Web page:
Tailoring UC To The Elusive Mobile Worker

Today's mobile workers have unique technology requirements that enterprises must consider in their unified communications deployments.

Joseph Harsch

March 5, 2015

4 Min Read
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Time is the promise of mobility, and by extension the promise of unified communications. Historically, mobile involved enterprises equipping employees with  products and technologies to improve efficiency and productivity. That meant smartphones, remote connectivity and the ability to access information while away from the office.

But we are well past the days of a single mobile worker use case, and for that reason setting a universal definition of who a mobile worker is -- and what his or her communications needs are -- has become far more complex. In this blog post, I'll examine four key mobile worker use cases, and the unique technology requirements businesses should consider when adopting and deploying UC products and services to the mobile workforce.  

The work-from-home employee  

With a broadband connection, the home-based employee -- such as an insurance billing specialist for a doctor’s office or even large hospital --  has access to all the tools they would expect in the office.  When considering UC features most valuable to this type of mobile worker, the enterprise must recognize this individual is stationary (as opposed to in motion), and likely to be using a laptop/PC. Phone usage is more complex; it could be an IP phone, cordless phone, smartphone or desktop client.

As a result, required UC features include instant messaging and presence (so that colleagues can determine in real time if the work from home employee is available), desktop and file sharing, and video calling and conferencing. Advanced UC-enabled conferencing capabilities are particularly valuable to the work-at-home employee as they can eliminate the need to repeatedly create and share cumbersome bridge numbers and pass codes. 

The nomad

While the specific role of a “nomad” mobile worker varies depending on the industry and business size, the needs of these workers are one and the same: reliable communications and collaboration no matter the location or how much knowledge the employee has on which location he or she will be next. 

For a large pharmaceutical firm, this worker might be the manager traveling from office to office to train new sales teams; for a small restaurant franchise, it's the regional VP checking in on multiple locations throughout the day. Where I live, our bank has five offices that are 15 to 20 minutes away from each other. The president of the bank has an office in two of the locations, and there's one manager for all five offices.  In this case, everyone comes to work in the bank, but they are not always in the same location each day.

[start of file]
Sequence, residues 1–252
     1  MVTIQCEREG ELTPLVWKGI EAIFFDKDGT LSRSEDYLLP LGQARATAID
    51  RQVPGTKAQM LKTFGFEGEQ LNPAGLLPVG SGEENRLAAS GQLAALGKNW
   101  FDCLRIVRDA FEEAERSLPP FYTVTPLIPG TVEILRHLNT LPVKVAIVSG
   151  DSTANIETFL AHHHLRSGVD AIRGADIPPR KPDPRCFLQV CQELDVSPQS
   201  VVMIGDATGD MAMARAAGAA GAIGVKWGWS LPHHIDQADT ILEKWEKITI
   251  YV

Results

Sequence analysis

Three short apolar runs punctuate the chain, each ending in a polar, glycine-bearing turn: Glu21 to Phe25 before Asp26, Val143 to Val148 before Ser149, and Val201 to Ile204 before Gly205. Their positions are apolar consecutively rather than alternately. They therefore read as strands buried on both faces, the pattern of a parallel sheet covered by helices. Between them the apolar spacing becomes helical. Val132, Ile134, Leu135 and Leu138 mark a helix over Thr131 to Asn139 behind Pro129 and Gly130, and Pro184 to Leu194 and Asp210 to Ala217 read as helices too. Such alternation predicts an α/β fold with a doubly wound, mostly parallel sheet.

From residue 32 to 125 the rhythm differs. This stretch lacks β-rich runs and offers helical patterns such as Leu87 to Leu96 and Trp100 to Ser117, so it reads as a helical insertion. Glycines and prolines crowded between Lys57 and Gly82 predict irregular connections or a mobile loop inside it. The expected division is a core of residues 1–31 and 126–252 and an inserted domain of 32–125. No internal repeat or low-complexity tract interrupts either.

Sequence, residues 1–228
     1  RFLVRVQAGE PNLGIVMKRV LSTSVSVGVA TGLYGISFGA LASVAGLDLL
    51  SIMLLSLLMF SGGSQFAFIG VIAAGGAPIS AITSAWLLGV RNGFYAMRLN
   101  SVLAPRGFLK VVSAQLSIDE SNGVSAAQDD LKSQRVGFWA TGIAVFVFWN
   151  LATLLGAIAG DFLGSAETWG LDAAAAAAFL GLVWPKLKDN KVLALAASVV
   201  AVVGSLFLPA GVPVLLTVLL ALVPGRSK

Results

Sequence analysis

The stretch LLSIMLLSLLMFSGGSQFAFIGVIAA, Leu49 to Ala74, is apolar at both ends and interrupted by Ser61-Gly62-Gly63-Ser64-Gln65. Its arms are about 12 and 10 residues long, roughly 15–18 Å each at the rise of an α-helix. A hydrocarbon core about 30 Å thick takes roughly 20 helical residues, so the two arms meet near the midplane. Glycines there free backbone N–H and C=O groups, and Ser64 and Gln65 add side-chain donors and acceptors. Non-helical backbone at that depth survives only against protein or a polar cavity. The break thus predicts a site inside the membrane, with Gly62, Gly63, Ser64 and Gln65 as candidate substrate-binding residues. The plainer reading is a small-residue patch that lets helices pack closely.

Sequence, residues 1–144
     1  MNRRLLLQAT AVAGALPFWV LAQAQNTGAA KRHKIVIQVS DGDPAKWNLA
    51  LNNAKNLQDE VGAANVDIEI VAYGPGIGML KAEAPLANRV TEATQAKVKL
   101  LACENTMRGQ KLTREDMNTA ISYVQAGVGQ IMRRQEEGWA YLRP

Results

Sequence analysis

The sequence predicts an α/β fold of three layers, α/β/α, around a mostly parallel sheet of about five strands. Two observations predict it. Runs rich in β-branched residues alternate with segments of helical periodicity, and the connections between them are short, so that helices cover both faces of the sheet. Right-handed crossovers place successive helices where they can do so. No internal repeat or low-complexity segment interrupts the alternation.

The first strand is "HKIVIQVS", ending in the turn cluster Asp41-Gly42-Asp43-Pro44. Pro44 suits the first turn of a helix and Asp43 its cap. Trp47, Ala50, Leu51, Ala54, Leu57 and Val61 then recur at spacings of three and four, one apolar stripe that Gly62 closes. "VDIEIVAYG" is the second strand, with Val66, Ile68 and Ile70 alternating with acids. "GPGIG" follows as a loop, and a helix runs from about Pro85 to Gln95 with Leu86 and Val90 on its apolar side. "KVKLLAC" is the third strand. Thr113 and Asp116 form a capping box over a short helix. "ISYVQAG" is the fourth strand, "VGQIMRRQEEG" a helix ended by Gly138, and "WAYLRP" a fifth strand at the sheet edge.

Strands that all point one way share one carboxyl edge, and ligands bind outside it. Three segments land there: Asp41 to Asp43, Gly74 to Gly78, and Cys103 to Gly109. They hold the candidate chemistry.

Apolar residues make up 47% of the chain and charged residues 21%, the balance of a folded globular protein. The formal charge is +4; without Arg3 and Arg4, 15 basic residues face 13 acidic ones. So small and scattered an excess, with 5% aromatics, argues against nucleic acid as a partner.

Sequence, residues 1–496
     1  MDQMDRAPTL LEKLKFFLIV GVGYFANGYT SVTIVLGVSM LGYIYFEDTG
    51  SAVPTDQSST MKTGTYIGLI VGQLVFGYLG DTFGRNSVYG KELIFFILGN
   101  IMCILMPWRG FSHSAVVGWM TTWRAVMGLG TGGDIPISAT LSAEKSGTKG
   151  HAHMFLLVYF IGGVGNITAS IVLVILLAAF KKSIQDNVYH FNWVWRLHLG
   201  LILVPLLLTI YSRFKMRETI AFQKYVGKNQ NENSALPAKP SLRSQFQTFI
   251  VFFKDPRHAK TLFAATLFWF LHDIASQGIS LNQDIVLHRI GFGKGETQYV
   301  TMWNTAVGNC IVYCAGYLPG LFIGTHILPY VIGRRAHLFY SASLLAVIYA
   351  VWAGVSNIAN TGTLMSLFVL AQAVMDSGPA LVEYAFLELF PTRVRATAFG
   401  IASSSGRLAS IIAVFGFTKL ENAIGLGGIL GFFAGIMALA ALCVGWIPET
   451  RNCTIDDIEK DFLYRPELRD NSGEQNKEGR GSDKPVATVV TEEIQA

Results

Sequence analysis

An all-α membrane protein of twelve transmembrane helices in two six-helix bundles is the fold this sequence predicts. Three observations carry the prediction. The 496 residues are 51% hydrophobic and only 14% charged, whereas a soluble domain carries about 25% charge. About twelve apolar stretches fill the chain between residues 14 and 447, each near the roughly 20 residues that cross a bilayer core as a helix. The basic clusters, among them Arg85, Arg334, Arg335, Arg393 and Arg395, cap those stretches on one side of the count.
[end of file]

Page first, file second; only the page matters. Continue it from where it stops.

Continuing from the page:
For the nomad, smartphone and tablet-based unified communications capabilities are critical. This can include automatic call routing to his/her smartphone, mobile video conferencing, as well as desktop and file sharing.

Due to the nomad’s unpredictable schedule, UC products that support “on the fly” conferencing and collaboration (i.e., solutions that can be rapidly propped up and do not require downloads, plug-ins or dedicated conference bridge numbers) ensure this type of mobile worker can easily reach and be reached by colleagues and customers.

The road warrior

Sales professionals are on the road relentlessly, and their location on any given day can include multiple customer locations, a hotel room, the airport, and everywhere in between. For these mobile workers, smartphones and tablet devices are their lifeblood.

The sales rep is often a “lone wolf,” less dependent on frequent communication with colleagues, but very much reliant on presentation-based UC services. Sales reps must be able to seamlessly share information via PowerPoint, video and multimedia,  and the quality of UC sharing must be as impressive on a smartphone as it is on a laptop.  At the same time, if the sales rep requires last-minute content from the corporate office, UC capabilities must support real-time content sharing.

The field service technician

Whether it's technicians called to monitor and inspect servers at a data center farm or more traditional building IT and electrical support technicians, real-time unified communications are key to schedule efficiency and customer satisfaction.  Technicians will often call/message to confirm that they’re on the way (or late), and for that reason, UC services that, for example, show an outbound call coming from a corporate office number instead of a personal cell phone are highly valuable.

Technicians also benefit from advanced messaging capabilities that intelligently route the right form of communication (phone, text, email) based on the technician’s status and location.

Finally, enterprises are just now scratching the surface in utilizing WebRTC for real-time, browser-based voice and video calling capabilities such as click-to-call. Field technicians may increasingly benefit from WebRTC to provide customers or other team members with access to real-time product installation and repair videos.

Whether a business wants to support more work-from-home employees, or empower field personal to connect and collaborate, UC technologies must be tailored to both the needs of the business and the user.  

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